Racial and ethnic group differences in intelligence in the United States: Multicultural perspectives

Lisa A. Suzuki, Dylan Larson-Konar, Ellen L. Short, Christina S. Lee

Research output: Chapter in Book/Report/Conference proceedingChapter


This chapter addresses multicultural perspectives of intelligence in the United States. Topics include fairness in testing; environment, social location, and cultural context; measures of intelligence; and outcome implications in testing ethnocultural populations. Definitions of intelligence from a cultural perspective are highlighted. Contextual factors include: poverty, home environment, education, fluency in English, and acculturation. Testing constructs such as fairness in testing, test bias, cultural loading, and various forms of testing equivalence are discussed. Alternative assessment practices focus on nonverbal intelligence tests; dynamic assessment procedures; performance-based, authentic, and curriculum-based assessment; response to intervention, think aloud protocols, cross-battery assessment; and a multidimensional bilingual assessment model. Usage of mainstream intelligence tests is discussed in relation to Black, Asian, American Indian/Native American, and Hispanic and Latino/a communities. The numerous challenges, controversies, and complexities of interpreting test scores in cultural contexts are discussed as intelligence tests are transported, renormed, and restandardized globally.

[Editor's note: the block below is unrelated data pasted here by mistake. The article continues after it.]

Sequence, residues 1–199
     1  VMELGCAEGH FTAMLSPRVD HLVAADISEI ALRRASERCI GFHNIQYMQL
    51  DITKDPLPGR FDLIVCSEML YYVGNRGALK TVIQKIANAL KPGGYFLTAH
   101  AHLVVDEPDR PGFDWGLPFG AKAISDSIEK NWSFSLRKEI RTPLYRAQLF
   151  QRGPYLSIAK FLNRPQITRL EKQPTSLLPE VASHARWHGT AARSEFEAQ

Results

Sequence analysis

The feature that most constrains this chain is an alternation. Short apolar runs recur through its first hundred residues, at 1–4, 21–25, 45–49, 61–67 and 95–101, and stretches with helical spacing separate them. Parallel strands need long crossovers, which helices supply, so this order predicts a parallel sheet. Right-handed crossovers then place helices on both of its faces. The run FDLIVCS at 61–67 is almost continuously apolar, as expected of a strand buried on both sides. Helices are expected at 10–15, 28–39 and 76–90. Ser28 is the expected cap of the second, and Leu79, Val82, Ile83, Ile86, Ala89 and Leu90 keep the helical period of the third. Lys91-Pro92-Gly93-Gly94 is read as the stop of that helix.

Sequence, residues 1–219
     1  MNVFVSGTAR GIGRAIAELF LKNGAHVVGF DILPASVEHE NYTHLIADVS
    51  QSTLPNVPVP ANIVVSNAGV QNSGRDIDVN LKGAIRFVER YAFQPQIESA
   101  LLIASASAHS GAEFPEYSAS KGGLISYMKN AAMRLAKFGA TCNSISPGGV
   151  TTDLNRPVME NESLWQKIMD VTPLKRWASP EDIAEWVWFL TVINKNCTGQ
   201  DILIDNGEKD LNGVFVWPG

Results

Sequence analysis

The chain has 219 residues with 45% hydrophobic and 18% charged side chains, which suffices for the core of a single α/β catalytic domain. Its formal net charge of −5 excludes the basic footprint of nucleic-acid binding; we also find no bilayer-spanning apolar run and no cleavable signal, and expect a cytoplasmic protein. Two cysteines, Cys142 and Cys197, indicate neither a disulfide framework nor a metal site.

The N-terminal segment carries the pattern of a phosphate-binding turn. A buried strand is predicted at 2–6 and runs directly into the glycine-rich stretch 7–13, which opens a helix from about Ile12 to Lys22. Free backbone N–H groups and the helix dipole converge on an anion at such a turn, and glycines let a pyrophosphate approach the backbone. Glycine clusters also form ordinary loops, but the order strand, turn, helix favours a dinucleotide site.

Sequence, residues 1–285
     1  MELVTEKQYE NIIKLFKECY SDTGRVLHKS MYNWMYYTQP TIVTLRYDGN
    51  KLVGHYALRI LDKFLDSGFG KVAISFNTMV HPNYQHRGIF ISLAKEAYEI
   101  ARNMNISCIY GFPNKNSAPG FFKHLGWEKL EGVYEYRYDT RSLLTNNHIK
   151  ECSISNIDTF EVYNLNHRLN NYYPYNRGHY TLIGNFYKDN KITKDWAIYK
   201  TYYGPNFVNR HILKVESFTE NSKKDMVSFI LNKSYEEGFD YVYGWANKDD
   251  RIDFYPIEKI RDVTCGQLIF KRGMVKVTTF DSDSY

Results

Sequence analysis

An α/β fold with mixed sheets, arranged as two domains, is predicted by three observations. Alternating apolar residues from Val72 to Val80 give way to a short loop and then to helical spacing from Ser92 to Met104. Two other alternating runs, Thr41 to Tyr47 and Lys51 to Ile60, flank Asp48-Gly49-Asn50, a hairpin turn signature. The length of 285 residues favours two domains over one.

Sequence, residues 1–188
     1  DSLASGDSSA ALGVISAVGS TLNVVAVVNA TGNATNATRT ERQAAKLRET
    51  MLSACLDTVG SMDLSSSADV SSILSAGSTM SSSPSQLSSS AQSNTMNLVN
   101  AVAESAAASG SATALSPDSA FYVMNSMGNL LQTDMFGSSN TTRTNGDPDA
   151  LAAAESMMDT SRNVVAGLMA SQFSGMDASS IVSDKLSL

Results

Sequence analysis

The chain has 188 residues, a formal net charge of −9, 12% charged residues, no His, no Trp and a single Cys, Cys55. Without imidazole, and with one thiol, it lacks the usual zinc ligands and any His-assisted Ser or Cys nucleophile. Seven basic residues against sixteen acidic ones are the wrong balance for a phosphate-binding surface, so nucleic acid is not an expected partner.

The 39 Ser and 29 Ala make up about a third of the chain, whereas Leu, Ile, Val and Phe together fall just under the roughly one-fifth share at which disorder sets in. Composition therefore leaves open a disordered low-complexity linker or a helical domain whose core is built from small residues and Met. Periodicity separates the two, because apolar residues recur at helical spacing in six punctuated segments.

Original languageEnglish (US)
Title of host publicationThe Cambridge Handbook of Intelligence
PublisherCambridge University Press
Number of pages27
ISBN (Electronic)9781108755818
ISBN (Print)9780511977244
StatePublished - Jan 1 2019

ASJC Scopus subject areas

  • General Psychology


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